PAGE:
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this is u151. is the class type, it was the original merchant vessel that was converted. originally had two torpedoes. it could carry 18 torpedoes. the range is very impressive. this was an impressive range world war el even the ii era, there were really quite a lot of range. this was very impressive vessel.
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this vessel here was an is war patrol to the us. were able to reconstruct given he position throughout the atlantic where was the given point that we have the record for. it is interesting because we re-create the path. these are the vessels that were sunk. successful that were operating in this area. another vessel that has the potential to be discovered.
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there's no convoy system yet in place. of operated and contested, the vast majority of these were using bombs. reflect on the vessel and go board, but people are short and detonate. you can see some where there
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>> it was built as a military vessel originally with more armament. it had more attacks on its way over. we won't focus on that as much as we will on the ones here off the coast. not quite as successful as the u-151 but quite successful in sinking and damaging vessels. u-boat.s a mine-laying they mind a part of chesapeake bay. the mining missions they would be more of ald nuisance operation than an operation that they really believe they would have significant success. , oroon as a port was mined
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there was a perception that it could be mined, it would change the tactics all up and down the coast. it was successful in generating the threat of mines would cause a little more, on the part of the u.s., to negotiate that threat. this is a big one. the 300 feet long. see the difference here, 14.7 knots. able to not quite as operate underwater as much as they would later on. height underwater and stationary, waiting for
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ships to pass and sneak attack. more than actually maneuvering. this is a reconstruction of his abrasion -- along on the coast. it is that yet to be found a we're hoping. just a quick idea of the 3e that are operated here. this give you a good cross-section of the u-boat tactics in the area. the first merchant ship that was sunken. was a british ship operating south of the virginia the receiving some
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shell fire. give you an idea, some of these tactics. when there was a torpedo the crew would abandon. the were taken on board of it, the hat attacked patched him up and give him some food. loss of life here. we believe this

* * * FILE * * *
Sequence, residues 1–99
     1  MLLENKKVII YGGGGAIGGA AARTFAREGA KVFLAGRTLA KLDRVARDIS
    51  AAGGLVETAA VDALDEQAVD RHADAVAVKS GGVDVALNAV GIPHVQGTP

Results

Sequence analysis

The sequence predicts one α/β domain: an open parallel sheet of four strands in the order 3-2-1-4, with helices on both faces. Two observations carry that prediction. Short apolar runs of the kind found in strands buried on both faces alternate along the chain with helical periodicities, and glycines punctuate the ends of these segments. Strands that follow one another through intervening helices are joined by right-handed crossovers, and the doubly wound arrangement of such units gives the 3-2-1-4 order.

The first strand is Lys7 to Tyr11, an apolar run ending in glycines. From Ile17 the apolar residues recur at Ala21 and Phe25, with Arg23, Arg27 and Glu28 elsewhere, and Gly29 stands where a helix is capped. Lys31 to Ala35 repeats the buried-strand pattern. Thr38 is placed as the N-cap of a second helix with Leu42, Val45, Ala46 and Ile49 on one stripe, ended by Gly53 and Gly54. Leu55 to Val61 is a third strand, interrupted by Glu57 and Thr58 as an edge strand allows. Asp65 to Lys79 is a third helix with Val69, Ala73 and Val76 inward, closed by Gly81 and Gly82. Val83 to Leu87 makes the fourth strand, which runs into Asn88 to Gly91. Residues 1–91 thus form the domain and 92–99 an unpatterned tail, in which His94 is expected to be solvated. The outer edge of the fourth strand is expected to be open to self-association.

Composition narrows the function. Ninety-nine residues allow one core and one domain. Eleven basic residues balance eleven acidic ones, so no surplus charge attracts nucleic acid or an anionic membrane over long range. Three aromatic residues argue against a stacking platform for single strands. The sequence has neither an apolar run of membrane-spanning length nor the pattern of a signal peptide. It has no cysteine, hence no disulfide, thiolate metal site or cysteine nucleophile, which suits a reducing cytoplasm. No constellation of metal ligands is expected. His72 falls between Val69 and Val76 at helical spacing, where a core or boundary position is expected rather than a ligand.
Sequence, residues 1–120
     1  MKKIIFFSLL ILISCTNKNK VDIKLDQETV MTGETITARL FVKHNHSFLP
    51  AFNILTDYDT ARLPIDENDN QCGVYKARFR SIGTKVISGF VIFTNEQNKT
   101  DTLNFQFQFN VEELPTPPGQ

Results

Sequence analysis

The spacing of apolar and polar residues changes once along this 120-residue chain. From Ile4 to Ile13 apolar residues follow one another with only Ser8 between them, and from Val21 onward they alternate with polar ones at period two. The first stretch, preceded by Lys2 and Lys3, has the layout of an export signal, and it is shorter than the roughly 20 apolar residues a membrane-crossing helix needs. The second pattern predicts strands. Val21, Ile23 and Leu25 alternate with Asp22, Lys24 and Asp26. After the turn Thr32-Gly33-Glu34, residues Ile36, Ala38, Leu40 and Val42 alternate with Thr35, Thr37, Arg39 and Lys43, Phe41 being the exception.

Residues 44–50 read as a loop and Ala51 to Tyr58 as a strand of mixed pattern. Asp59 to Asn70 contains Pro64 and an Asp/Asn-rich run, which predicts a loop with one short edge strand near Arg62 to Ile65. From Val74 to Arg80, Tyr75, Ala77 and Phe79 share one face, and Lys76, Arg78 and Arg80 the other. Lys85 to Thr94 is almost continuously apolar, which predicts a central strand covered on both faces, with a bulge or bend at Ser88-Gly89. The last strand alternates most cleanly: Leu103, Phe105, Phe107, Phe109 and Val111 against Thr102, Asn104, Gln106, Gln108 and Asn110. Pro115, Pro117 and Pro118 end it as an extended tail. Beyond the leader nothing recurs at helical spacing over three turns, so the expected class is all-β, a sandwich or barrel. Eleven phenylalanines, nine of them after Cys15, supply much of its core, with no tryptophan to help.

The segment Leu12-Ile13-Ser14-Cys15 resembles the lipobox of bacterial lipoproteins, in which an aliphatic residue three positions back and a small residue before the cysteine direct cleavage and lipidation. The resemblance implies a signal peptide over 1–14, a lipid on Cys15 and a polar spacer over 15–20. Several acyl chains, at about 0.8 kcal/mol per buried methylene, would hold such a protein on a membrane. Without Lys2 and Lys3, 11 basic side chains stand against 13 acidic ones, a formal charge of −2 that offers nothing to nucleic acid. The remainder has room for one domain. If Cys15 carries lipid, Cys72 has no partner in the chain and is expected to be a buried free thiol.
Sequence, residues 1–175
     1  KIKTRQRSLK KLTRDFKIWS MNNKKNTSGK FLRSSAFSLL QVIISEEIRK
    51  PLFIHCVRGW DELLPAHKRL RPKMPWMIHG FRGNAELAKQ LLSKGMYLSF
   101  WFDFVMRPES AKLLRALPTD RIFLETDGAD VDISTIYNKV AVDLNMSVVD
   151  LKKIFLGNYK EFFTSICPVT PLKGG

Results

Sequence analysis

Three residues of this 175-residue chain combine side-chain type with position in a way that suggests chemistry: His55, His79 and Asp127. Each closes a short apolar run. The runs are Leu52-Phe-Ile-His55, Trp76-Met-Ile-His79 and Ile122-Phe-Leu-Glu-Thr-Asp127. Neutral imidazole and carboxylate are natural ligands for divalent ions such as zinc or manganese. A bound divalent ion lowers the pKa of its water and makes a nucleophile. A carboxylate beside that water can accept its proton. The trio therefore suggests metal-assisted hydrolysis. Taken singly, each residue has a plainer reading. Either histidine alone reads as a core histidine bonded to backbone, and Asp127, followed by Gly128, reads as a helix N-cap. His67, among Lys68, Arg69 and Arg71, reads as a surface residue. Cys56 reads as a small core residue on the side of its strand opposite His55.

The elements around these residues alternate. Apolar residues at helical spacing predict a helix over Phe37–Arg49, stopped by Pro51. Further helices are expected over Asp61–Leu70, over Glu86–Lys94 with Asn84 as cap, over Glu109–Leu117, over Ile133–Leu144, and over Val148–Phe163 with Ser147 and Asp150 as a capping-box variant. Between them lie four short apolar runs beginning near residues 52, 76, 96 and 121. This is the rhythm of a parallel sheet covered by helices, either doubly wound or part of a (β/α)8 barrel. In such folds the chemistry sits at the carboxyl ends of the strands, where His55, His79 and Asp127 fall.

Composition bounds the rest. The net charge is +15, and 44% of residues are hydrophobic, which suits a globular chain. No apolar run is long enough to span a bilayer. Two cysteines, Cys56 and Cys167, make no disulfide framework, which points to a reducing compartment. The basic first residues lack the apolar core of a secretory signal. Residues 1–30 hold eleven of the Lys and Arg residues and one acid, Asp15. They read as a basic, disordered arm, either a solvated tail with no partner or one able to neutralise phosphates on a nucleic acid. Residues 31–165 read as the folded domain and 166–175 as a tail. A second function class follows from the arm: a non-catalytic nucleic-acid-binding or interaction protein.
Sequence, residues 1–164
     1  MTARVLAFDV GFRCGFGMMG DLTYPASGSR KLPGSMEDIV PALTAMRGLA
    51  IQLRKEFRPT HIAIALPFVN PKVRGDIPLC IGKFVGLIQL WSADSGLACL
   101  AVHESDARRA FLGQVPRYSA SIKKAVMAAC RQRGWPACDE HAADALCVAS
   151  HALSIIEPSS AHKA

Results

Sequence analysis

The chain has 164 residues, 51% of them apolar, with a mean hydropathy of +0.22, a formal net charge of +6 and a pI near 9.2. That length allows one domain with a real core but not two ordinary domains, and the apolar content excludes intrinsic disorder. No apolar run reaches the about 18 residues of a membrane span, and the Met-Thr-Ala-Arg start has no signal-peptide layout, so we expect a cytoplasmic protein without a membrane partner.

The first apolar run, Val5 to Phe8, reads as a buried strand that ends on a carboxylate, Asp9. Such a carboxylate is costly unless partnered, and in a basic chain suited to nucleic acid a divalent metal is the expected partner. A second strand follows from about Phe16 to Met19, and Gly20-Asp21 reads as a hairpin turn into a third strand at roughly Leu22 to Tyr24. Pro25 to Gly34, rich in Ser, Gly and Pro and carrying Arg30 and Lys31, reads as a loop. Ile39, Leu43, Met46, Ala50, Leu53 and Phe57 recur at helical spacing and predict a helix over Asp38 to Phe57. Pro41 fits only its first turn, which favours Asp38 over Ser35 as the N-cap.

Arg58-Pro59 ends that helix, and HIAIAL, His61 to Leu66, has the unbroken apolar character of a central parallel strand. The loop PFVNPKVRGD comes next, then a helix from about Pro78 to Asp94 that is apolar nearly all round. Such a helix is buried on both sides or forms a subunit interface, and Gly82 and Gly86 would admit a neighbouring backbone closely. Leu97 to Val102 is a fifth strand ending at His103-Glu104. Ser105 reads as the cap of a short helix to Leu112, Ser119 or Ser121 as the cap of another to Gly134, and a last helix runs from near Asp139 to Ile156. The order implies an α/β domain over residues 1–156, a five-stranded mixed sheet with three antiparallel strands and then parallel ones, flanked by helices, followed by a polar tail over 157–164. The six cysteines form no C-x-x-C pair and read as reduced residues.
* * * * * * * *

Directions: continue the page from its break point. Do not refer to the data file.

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200 k should be hundred 32 feet of water. was sunk by the un40. merrick was sailing south. getting shelled by the u140. began a six -- zig zag maneuver. in the process of doing this it bottom ross an area, the
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of the ocean the damage. slammed onto the ground. while he was still being shelled. was sitting there with a crew of five folks on board. they had this huge mushroom hanker. it took him five hours to get on the way. was not very efficient, not move up to. enough to the e merrick that they were able to see it being shelled. and harassed by the u-boat.
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to call for and unfortunately the 140 also had a radio and were able to hear this. they started steaming over and started ip shelling that. they decided it was better to just drop the lifeboats on before the shore. this was some by a surface fire from the u-boat. sunk the ercent and other boat. went to vessel and talk about. we're not clear whether this is.
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as a british tanker. some speculation if it was sunk torpedo or a mine. it is confusing, but it is possible it struck a mine. i would say it was more possible that he struck a mine than a torpedo. the torpedoes of the area normally bounced off your ship. this story is very interesting for us coast guard. most of the shore. thousands of gallons of oil spilled into the ocean. one of the lifeboats turned
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over to the fire while the others were kind of covering. meanwhile, in the short there was a guard station. captain saw the smoke and try to get out to try and help as they could. they got to the scene and there much fire and smoke, they cannot see very much at all. there was an area that it was totally involved in flames. there was an alcove illustrated the circle of flames, which one tiny opening corridor that they could paddle the lifeboat through.